I wanted to write something about the Hunger Games here, but seeing as I have not read the books and only know the plot through the movies that are already out, I decided against talking about how a story — where a game is created that has kids are killing kids as a form of building national pride and distracting the various districts from the very real problems in society — is a great testament to the powers of a game.

Somebody else who has read the books should write that blog post. Please send me a link when you do.


All fantasies may very well be games, but of course not all games are fantasy. Some games are just too real.

At the 1972 Munich Olympics, terrorists from the Palestinian group Black September took 11 members of the Israeli Olympic team hostage. Worst fears were realized as all 11 hostages were eventually killed, 9 of whom were killed at the Fürstenfeldbruck NATO airbase, as German authorities pretended to agree to Black September’s demands that they be able to escape with the hostages, and the following ambush eventually crumpled over itself, casting a dark shadow over the remainder of the XX Olympiad.

As tragic as this event was, even it could be considered a game. The Munich Massacre has been analyzed through the lens of “game theory”, the study of strategic decision making. What were the motivations of the actors involved? What were the decisions were available to them? What possible outcomes may have been achieved?

One conclusion:

“Both actors [the German government and the Palestinian terrorists] were oblivious to the other’s constraints and were locked in a non-solvable situation from which neither could deviate. Hence, the German government, guided by a zero-sum game strategy, with no communication and information about the terrorists’ strategy and lacking decision-making powers, tried and failed to force a solution at the airport.”

— Reuben Miller, “Game Theory and Hostage-Taking Incidents: A Case Study of the Munich Olympic Games” p.31

Game over.


The epic stalemate that was Esther versus Red ended abruptly one morning, when Red was found dead, his corpse sideways in the food dish.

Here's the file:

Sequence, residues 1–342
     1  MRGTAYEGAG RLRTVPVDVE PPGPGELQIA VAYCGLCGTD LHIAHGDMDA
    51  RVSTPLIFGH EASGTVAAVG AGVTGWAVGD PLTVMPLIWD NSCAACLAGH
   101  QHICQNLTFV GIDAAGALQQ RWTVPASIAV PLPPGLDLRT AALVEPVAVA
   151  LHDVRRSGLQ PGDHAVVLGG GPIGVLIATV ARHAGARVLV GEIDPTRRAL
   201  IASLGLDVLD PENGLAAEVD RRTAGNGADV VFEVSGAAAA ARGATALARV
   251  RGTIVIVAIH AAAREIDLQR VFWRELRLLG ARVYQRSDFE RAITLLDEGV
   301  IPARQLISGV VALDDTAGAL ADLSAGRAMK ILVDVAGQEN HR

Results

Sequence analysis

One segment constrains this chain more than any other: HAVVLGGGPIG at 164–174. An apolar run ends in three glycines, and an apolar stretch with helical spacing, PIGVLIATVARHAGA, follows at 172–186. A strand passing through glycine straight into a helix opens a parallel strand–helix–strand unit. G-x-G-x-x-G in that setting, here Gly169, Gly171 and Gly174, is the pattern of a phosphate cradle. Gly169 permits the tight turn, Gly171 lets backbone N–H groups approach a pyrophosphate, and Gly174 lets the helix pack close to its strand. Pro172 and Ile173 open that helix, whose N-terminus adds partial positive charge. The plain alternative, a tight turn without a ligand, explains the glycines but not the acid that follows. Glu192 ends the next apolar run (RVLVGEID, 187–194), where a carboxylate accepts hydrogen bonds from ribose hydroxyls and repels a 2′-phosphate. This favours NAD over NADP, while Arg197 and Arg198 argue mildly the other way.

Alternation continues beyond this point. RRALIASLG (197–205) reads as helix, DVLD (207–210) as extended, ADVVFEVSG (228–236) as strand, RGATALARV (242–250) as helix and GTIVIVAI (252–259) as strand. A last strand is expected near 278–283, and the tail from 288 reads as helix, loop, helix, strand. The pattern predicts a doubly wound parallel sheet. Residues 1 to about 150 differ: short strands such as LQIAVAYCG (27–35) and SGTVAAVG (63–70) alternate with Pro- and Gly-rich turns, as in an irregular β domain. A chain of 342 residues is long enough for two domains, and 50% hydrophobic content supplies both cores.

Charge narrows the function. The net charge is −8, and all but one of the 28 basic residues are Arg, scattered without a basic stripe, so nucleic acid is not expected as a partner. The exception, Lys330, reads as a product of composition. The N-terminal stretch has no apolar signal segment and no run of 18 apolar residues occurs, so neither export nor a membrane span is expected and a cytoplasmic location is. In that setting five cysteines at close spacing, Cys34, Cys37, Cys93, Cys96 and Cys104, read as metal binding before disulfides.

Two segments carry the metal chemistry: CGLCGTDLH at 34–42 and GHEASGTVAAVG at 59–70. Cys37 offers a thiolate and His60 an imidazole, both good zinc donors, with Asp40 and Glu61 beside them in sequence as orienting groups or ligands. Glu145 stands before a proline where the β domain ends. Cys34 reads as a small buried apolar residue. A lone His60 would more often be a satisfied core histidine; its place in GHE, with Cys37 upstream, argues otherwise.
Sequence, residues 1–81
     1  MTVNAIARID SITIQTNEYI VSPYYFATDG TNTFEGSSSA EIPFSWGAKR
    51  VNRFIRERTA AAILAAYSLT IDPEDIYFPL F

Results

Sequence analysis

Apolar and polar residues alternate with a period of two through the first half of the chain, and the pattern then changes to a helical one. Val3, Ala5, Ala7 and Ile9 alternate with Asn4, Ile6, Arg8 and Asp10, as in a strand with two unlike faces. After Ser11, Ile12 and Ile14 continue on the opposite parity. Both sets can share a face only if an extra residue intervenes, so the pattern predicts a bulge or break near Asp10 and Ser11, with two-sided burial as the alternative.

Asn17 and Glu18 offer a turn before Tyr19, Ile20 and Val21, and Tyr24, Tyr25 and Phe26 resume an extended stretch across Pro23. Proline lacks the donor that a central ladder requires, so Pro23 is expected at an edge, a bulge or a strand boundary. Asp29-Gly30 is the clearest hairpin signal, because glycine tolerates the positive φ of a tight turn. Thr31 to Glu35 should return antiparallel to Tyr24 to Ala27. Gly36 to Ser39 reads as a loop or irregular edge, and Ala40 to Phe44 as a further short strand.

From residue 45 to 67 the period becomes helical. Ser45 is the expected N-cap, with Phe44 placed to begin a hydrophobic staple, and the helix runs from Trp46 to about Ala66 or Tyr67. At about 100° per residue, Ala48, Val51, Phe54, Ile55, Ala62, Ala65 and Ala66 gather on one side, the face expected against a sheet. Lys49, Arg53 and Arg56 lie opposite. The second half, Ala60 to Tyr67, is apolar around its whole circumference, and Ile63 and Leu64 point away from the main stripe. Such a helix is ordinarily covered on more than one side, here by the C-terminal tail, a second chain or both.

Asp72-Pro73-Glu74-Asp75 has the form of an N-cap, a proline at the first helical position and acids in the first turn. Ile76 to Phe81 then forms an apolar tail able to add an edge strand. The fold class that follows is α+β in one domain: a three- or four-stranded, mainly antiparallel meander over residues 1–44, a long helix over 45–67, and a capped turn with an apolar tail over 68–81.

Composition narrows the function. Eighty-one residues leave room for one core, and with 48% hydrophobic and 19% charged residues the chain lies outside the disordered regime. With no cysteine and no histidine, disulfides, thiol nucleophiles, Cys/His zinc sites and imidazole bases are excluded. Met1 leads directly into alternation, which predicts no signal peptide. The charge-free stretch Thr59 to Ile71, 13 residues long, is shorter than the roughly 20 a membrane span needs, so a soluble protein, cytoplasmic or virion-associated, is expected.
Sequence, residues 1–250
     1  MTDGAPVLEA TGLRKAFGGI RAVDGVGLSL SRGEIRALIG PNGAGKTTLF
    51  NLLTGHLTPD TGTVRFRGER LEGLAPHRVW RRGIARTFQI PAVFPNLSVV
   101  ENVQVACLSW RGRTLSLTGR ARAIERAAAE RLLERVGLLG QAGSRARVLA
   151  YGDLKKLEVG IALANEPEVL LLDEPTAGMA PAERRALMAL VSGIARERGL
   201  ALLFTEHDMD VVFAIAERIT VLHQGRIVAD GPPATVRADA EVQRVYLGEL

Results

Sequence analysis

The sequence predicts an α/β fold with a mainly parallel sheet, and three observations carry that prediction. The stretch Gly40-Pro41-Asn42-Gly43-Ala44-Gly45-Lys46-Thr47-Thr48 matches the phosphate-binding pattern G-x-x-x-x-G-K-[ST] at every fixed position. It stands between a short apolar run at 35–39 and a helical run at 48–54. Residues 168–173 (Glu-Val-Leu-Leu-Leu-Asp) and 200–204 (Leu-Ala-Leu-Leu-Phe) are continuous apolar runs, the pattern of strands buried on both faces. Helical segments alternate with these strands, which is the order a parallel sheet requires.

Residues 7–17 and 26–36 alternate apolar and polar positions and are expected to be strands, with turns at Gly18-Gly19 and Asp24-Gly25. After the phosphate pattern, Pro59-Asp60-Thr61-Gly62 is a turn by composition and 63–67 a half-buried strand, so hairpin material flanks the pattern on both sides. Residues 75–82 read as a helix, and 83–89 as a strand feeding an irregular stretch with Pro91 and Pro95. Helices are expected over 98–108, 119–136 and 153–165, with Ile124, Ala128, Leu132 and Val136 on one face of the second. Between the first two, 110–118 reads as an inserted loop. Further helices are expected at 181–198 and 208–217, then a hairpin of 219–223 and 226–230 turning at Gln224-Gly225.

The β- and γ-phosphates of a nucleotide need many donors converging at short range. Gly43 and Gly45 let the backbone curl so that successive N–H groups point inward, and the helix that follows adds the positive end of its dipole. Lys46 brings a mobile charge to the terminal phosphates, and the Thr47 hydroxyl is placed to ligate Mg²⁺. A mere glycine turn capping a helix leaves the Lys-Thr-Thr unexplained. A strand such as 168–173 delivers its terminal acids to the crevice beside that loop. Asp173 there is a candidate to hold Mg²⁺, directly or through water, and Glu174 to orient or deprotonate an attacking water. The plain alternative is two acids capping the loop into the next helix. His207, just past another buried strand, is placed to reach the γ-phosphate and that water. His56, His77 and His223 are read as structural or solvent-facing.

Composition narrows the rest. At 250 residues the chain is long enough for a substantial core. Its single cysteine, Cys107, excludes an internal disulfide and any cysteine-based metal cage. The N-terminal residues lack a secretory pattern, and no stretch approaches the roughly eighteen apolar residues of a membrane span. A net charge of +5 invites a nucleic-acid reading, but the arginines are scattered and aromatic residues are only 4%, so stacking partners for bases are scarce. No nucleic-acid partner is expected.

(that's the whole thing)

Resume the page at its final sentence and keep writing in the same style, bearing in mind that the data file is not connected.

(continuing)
We, of course, had to investigate whether or not Esther had somehow struck in the night. But there were no signs of violence or trauma. Even if Esther had gotten her claws in the cage, there would have been no way she could have reached as far as the food dish that had become Red’s deathbed.

Esther was acquitted of criminal charges, but I am not so sure she was completely innocent. Red, remember, was a wild animal who one day found himself in the jaws of a curious canine, only to find himself soon thereafter stuck in a cage as another domestic animal salivated over his presence.

My autopsy: with his world confined from sky to cage, his only companion being his reflection in the mirror and the menacing cat who just sat there and stared, Red just lost the will to live.

My prescription, if I may be so bold: with his world growing so small and oppressive, the one thing that could have saved Red would have been a game.


The human resources world is abuzz right now with “gamification” — the process of turning otherwise dull, unattractive work into small, pleasurable games. Wal-Mart, for example, has successfully trained 75,000 of its distribution center workers on safety regulations by turning what would have been a 30-minute webinar into a daily series of 3-minute games.

In an interview with Forbes magazine, Adam Penenberg (author of Play at Work: How Games Inspire Breakthrough Thinking) cited science to explain the allure of the gamification phenomenon: